Friday, April 25, 2008

Buns between runs vulgar? What about Venkaiah Naidu?

India’s Culture Taliban are up in arms again. Their shrill had been drowned in the cacophony of a fast-moving India that chose to ignore the boos of these buffoons.
The ancient culture-keeper Pramod Navalkar died. Pratibha Naithani could not beat Rakhi Sawant in live TV debates and got busy with her household chores. Life was beautiful, with no debates raging around Sherlyn Chopra’s redoubtable derriere.

But then a lightning struck, a storm whistled through this peaceful-yet-boring life heralding the arrival of the baap of Mano and Ranjan, two innocent looking boys suffering insufferable tongue-wagging and tongue-lashing targeted at their mother. The premier league of cricket is here and has brought with it the band of cheerleaders, who wear hot pants and tomtom pompoms.

These pompoms have given the breath of life to the idling culture Taliban of India. From the ultra-right Shiv Sena to ultra-left Marxists, the white buns of Washington Redskins have raised eyebrows all around. Politicians cutting across party lines have demanded a ban on the shaking buns between runs in cricket stadiums. Filmstar Shatrughan Sinha, whose stint in politics has been ludicrous and in government ridiculous, has already declared cheerleading to be against ancient Indian culture. CPM’s Subhas Chakraborty has announced that nothing of that sort would dance at the Eden.

Indian politicians — probably the world’s most obscene creatures — jumping up and down demanding a ban on cheerleaders is one of the most obscene things to happen to our culture. They have no idea about what vulgarity is.

On Transparency International’s bribery index, the world’s largest democracy is always bundled with countries ruled by greedy despots. One of our former Prime Ministers said that 85 per cent of the central funds meant for the poor is palmed off by political-bureaucratic middlemen. That ministers in central and state governments amass crores in no time is obscene. That the same politicians who ban bar dancers from earning a livelihood hire them for their political rallies and private soirees is obscene. That politicians who cry hoarse about naked legs in cricket stadia hobnob with gangsters in their naked game of greed is obscene. What happened in Subhash Chakravarty’s Nandigram or BJP’s Godhra and its aftermath was obscene. How Shiv Sena and Congress play with religious and regional sentiments of Marathis is obscene. Extreme poverty in the backyard of extreme luxury is obscene. Rape is obscene. Torture is obscene. Standing around doing nothing to stop these obscenities for over 60 years and then calling a press conference to ban cheerleaders is obscene.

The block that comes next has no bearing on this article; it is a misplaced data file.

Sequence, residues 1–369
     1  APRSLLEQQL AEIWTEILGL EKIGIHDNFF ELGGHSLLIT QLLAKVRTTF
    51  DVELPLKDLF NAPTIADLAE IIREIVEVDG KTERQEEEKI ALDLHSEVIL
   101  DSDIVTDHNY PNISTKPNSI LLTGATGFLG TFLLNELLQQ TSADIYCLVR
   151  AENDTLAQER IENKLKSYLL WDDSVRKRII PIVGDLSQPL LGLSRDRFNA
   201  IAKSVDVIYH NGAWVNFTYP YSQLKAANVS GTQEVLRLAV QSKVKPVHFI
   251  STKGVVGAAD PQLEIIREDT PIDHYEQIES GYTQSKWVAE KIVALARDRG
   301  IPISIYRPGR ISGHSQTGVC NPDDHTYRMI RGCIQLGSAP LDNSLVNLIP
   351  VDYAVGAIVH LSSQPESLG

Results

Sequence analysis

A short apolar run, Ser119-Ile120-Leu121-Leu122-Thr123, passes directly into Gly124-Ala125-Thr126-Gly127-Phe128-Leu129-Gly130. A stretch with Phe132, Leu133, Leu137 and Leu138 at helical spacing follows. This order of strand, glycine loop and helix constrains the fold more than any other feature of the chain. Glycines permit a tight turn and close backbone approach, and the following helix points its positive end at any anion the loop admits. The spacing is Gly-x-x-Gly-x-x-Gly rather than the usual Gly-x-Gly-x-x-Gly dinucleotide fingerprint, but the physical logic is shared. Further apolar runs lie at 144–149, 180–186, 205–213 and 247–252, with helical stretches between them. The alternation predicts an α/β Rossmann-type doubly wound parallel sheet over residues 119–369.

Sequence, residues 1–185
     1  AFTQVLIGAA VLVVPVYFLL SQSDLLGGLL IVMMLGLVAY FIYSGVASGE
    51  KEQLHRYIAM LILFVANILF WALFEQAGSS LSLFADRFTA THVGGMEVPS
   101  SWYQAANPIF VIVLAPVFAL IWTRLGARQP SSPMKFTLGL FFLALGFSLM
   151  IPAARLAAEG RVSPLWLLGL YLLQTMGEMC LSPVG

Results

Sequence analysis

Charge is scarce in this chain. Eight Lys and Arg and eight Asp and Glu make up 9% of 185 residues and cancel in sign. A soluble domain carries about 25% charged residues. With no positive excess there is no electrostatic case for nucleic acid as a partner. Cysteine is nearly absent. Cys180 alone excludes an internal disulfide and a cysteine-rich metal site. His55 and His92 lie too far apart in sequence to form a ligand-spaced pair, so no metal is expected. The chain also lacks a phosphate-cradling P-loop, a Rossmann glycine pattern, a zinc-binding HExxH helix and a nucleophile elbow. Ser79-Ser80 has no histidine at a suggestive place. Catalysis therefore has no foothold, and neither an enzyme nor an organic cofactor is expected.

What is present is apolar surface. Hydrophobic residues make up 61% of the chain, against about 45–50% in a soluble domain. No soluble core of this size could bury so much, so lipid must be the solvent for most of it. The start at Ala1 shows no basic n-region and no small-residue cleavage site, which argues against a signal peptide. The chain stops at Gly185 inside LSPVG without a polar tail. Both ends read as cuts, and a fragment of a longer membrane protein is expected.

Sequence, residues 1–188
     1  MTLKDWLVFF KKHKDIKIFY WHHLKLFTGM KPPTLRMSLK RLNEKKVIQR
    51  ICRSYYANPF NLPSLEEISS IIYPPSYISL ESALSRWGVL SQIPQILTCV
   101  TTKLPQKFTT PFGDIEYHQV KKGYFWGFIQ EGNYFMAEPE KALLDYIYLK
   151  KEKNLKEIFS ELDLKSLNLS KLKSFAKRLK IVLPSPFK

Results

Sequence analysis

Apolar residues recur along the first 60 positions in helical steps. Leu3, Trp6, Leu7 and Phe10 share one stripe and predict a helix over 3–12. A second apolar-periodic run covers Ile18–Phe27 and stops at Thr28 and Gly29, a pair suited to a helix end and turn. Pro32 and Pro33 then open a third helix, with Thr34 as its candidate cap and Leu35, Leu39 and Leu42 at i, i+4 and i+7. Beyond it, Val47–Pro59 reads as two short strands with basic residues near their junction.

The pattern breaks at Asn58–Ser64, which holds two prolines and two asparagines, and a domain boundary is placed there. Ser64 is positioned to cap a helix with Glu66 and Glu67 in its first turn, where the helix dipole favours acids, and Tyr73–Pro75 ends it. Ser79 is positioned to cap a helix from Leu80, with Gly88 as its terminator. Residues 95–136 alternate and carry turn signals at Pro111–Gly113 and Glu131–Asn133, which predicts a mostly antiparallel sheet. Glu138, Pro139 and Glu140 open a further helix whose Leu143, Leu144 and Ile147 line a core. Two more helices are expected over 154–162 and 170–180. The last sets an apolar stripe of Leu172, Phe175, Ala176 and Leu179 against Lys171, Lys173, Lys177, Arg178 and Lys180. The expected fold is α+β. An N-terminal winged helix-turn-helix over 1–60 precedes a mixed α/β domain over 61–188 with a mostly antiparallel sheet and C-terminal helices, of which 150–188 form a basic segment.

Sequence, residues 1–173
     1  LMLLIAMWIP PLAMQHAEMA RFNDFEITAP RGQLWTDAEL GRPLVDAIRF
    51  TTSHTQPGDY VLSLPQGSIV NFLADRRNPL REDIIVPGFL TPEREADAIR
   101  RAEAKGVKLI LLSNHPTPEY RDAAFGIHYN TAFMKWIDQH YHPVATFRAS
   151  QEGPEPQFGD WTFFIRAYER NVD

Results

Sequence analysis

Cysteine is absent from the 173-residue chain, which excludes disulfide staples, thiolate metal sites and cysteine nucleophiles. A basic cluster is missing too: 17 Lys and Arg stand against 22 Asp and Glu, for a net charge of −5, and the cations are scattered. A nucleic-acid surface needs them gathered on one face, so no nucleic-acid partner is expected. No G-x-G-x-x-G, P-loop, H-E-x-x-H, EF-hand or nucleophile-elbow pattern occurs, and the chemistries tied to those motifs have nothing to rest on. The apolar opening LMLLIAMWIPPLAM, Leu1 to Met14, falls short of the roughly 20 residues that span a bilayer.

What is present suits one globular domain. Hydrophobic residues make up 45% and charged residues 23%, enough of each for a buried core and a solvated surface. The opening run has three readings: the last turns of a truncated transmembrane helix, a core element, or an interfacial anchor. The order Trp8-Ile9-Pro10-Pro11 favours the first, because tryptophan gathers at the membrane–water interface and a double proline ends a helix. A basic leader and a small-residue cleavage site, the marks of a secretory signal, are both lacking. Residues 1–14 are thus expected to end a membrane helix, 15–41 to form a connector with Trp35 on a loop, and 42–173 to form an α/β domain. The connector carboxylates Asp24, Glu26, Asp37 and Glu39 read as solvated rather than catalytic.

IPL will be as exciting without the cheerleaders and fanfare. But the nakedness that runs deep in our system presided over by these culture Taliban will never let obscenity go out of Indian culture. We will never see the beauty of the game till vultures feed on the dead conscience of a nation once proud of its eternal principles.

Sunday, April 13, 2008

Welcome to Our Democracy of Tokenism. You ma nigga?

It’s been just four days since the Supreme Court’s affirmative order on quota in educational institutions and the dust has already settled. The anti-reservation students considered it a fait accompli and moved on. They understand, or so one hopes, that in a democracy, the will of the people must be respected. A bill passed by parliament reflects the will of the people. Forget about self-immolation or angry demonstrations, not even a whimper was audible this time. The only surviving debate is the one on TV and newspaper columns.

This debate in public forums becomes all the more important because our Parliament has not really debated a decision of such consequence. Debate is the soul of democracy but one wonders that not one of the 550 MPs thought of opposing the amendment to the constitution, even for the sake of a debate. They do not betray such unanimity in matters such as reservation for women in parliament, a bill hanging for so long it’s all but dead. Even the bill to increase their own perks had a couple of dissenting voices from the Communist parties. Ah the communists, who, in principle, claim to shun caste in their class war but have decided to shun their principles for votes.

Fig-leaf for the naked bum